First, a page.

Use the momentum from election 2020 to ensure your schools are performing the way you want, ‘Ganders.
MICHIGAN—The coronavirus pandemic showed opportunities for improvement across Michigan in everything from water treatment to housing, to health care, to child care.
The end of the year is the perfect time to use the momentum from the 2020 election to improve the state for more Michiganders. And Michigan’s schools, students, and learning gaps have been taking center stage all year long. When schools were forced to abruptly close in March due to the pandemic, it immediately cast a spotlight on shortcomings in state and local education systems, as each scrambled to address the needs of its students.
President-elect Joe Biden is reportedly considering American Federation of Teachers President Randi Weingarten to replace Michigan native Betsy DeVos as US Education Secretary. But the effectiveness of whoever gets the nation’s top education role will in part depend on parents and residents working with local school districts.
Here are ways for you to get involved with local education in Michigan, and most don’t even involve politics:
At Your Child’s School
There several ways to get involved at your childrens’ school, especially during the pandemic. Some schools are providing lunches for families and need help distributing them to parents.
In times that don’t require the utmost safety precautions, many elementary schools also welcome parent volunteers as classroom, playground, and lunchroom helpers.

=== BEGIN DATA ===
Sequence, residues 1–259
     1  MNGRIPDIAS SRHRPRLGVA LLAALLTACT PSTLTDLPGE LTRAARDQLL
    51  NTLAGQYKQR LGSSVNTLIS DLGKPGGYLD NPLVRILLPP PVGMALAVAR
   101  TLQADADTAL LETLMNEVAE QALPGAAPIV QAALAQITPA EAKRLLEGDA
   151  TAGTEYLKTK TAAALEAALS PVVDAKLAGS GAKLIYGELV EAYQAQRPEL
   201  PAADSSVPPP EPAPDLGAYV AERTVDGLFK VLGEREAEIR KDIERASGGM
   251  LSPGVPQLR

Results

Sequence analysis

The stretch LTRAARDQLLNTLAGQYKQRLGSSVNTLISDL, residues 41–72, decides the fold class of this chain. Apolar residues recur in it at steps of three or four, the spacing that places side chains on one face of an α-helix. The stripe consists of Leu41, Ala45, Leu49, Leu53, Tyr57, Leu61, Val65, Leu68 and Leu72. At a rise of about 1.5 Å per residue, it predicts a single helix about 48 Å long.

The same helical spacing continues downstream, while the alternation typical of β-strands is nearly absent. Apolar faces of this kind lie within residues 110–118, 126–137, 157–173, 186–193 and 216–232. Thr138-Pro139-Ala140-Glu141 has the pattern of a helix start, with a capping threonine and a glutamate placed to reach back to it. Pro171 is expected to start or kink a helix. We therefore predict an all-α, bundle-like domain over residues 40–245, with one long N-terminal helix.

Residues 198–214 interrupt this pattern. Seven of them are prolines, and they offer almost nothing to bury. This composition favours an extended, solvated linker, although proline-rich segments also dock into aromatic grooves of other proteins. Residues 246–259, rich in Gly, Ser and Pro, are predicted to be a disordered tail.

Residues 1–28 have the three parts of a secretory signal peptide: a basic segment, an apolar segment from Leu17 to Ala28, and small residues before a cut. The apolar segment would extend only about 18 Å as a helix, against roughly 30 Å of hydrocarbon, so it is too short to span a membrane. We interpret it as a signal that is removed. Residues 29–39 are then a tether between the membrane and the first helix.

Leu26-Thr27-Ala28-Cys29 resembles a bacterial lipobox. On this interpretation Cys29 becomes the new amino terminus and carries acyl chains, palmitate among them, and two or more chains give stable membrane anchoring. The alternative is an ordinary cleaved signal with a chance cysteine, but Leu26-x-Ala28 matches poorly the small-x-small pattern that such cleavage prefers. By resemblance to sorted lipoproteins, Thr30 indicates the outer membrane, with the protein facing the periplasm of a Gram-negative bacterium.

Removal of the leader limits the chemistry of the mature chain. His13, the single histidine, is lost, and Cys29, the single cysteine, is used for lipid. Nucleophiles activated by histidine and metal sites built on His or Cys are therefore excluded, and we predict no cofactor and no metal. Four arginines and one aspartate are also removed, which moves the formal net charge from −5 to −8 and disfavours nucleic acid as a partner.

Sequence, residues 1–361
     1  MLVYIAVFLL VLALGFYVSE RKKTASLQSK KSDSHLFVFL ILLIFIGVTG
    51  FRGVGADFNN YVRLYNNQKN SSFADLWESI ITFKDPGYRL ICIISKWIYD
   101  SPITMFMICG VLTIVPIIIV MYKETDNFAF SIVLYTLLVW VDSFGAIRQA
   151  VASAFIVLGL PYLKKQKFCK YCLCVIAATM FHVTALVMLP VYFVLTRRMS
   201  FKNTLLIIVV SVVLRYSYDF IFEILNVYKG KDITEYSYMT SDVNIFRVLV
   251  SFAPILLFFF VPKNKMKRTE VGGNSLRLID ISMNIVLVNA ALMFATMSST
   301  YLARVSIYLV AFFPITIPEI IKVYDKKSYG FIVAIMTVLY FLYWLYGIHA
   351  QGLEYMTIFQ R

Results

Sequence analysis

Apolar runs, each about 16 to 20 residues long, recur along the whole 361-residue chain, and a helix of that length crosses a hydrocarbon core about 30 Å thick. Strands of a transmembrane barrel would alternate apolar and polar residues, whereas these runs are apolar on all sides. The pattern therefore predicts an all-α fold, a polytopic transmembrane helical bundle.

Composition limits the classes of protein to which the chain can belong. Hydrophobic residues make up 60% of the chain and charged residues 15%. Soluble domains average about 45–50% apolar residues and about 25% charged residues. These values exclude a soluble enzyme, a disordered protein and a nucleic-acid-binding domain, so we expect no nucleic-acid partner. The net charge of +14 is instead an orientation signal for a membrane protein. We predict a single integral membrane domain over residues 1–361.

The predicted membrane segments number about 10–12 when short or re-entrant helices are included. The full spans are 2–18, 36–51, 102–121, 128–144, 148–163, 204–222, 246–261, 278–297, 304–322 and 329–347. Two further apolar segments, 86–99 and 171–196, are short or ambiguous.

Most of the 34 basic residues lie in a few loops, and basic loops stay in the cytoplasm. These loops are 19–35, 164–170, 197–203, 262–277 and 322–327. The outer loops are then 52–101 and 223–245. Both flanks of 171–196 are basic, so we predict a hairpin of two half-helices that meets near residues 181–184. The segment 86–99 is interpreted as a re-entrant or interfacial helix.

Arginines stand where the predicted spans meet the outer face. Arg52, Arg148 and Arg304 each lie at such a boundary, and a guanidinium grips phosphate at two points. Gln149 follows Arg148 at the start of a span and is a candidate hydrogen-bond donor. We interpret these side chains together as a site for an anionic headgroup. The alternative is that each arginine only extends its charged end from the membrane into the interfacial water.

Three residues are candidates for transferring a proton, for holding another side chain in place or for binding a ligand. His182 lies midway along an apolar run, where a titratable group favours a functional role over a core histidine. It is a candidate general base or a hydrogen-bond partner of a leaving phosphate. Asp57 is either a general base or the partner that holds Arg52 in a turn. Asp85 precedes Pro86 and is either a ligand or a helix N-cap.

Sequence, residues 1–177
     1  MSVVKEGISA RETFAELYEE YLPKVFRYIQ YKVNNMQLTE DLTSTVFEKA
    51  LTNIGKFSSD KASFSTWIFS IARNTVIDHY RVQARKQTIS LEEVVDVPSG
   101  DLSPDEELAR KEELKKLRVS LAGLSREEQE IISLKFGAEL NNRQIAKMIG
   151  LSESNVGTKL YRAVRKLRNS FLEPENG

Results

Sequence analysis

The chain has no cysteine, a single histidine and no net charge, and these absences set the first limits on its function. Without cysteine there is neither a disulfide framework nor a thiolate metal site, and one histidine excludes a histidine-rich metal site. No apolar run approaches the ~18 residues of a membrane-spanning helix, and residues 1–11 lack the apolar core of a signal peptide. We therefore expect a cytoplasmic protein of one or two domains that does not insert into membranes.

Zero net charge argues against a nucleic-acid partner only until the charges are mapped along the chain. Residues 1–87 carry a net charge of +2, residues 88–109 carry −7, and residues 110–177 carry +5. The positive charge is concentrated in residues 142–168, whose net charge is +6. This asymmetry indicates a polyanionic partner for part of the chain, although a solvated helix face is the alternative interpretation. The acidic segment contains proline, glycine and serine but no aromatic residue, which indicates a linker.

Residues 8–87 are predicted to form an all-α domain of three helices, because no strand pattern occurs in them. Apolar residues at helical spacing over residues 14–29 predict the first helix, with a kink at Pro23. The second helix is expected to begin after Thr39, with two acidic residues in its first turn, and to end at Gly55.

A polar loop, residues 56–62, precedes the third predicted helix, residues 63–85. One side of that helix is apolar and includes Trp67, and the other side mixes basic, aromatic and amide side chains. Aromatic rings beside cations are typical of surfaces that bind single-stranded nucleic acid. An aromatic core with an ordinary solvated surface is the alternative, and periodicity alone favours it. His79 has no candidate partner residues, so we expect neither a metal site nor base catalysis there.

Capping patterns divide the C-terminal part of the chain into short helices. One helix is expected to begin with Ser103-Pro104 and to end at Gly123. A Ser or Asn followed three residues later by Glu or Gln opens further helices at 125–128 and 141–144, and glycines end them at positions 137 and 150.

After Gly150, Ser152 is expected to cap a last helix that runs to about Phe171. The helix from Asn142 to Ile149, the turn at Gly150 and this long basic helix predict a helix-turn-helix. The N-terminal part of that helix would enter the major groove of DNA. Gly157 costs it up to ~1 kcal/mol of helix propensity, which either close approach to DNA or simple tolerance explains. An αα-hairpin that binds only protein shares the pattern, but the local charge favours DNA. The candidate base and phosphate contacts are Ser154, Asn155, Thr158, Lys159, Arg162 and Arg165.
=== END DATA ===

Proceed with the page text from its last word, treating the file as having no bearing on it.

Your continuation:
School sports teams always need help with transportation and snacks, especially if there is a booster club—a group dedicated to fundraising so costs to families can be reduced.
When in doubt, the PTA (parent teacher association) is always a great place to lend a hand to teachers at your child’s school.
In Your School District
Each school district in Michigan is governed by a local school board comprised of members of the community who are elected by local residents. Depending on the way your Michigan school district is run, board members may be involved in the selection and hiring of district superintendents, setting district policy, approving salaries, and overall goal setting.
But community members and parents help shape the district’s vision and hold school board members accountable.
School board meetings are open to the public and broadcast online for free during the pandemic. Check with your local district for meeting dates and information.
If there is no other satisfactory way to effect change within your district, consider running for an elected position on your local school board.
At the State Level
Beyond your local school district, the Michigan Department of Education (DOE) coordinates local education systems across the state.
The DOE is led by Superintendent Michael Rice and together with Gov. Gretchen Whitmer, they set education and instruction standards, and provide resources to both teachers and parents.
Each year, the DOE publishes its strategic plans for Michigan school districts. They’re a good place to start if you’re a concerned citizen looking to keep local and state leaders accountable to Michigan’s students.
School Involvement at the National Level
Much like its local and state counterparts, the National Parent Teacher Association works to increase parental involvement and participation in school activities at the local level. Because it is a larger group, they provide more access to tools and resources on how to get involved.
The National School Board Association has members from states and the US Virgin Islands. The group advocates on behalf of schools to change national law and policy.